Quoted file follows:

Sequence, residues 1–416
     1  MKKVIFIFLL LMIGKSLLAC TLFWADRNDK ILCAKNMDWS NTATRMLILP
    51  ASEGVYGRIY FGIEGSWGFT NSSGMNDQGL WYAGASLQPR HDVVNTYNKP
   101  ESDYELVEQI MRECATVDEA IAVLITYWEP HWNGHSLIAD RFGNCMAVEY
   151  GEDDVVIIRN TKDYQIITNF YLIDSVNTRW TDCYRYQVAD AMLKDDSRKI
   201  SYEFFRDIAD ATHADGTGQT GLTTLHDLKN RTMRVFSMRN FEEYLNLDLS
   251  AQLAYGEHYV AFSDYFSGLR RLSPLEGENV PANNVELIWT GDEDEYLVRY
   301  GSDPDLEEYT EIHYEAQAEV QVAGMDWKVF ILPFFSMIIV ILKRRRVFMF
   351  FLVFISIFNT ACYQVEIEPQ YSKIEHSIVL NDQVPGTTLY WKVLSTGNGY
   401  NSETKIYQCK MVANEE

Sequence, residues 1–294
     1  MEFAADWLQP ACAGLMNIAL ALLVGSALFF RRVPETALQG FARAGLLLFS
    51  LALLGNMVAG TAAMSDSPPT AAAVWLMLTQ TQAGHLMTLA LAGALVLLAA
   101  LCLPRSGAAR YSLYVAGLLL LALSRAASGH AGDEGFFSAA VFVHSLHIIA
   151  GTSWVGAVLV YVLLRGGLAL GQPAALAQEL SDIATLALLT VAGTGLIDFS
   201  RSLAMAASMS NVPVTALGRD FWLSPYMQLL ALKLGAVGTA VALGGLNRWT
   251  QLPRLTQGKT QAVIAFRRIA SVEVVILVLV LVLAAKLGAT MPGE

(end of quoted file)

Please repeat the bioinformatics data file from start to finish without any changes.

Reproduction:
Sequence, residues 1–416
     1  MKKVIFIFLL LMIGKSLLAC TLFWADRNDK ILCAKNMDWS NTATRMLILP
    51  ASEGVYGRIY FGIEGSWGFT NSSGMNDQGL WYAGASLQPR HDVVNTYNKP
   101  ESDYELVEQI MRECATVDEA IAVLITYWEP HWNGHSLIAD RFGNCMAVEY
   151  GEDDVVIIRN TKDYQIITNF YLIDSVNTRW TDCYRYQVAD AMLKDDSRKI
   201  SYEFFRDIAD ATHADGTGQT GLTTLHDLKN RTMRVFSMRN FEEYLNLDLS
   251  AQLAYGEHYV AFSDYFSGLR RLSPLEGENV PANNVELIWT GDEDEYLVRY
   301  GSDPDLEEYT EIHYEAQAEV QVAGMDWKVF ILPFFSMIIV ILKRRRVFMF
   351  FLVFISIFNT ACYQVEIEPQ YSKIEHSIVL NDQVPGTTLY WKVLSTGNGY
   401  NSETKIYQCK MVANEE

Sequence, residues 1–294
     1  MEFAADWLQP ACAGLMNIAL ALLVGSALFF RRVPETALQG FARAGLLLFS
    51  LALLGNMVAG TAAMSDSPPT AAAVWLMLTQ TQAGHLMTLA LAGALVLLAA
   101  LCLPRSGAAR YSLYVAGLLL LALSRAASGH AGDEGFFSAA VFVHSLHIIA
   151  GTSWVGAVLV YVLLRGGLAL GQPAALAQEL SDIATLALLT VAGTGLIDFS
   201  RSLAMAASMS NVPVTALGRD FWLSPYMQLL ALKLGAVGTA VALGGLNRWT
   251  QLPRLTQGKT QAVIAFRRIA SVEVVILVLV LVLAAKLGAT MPGE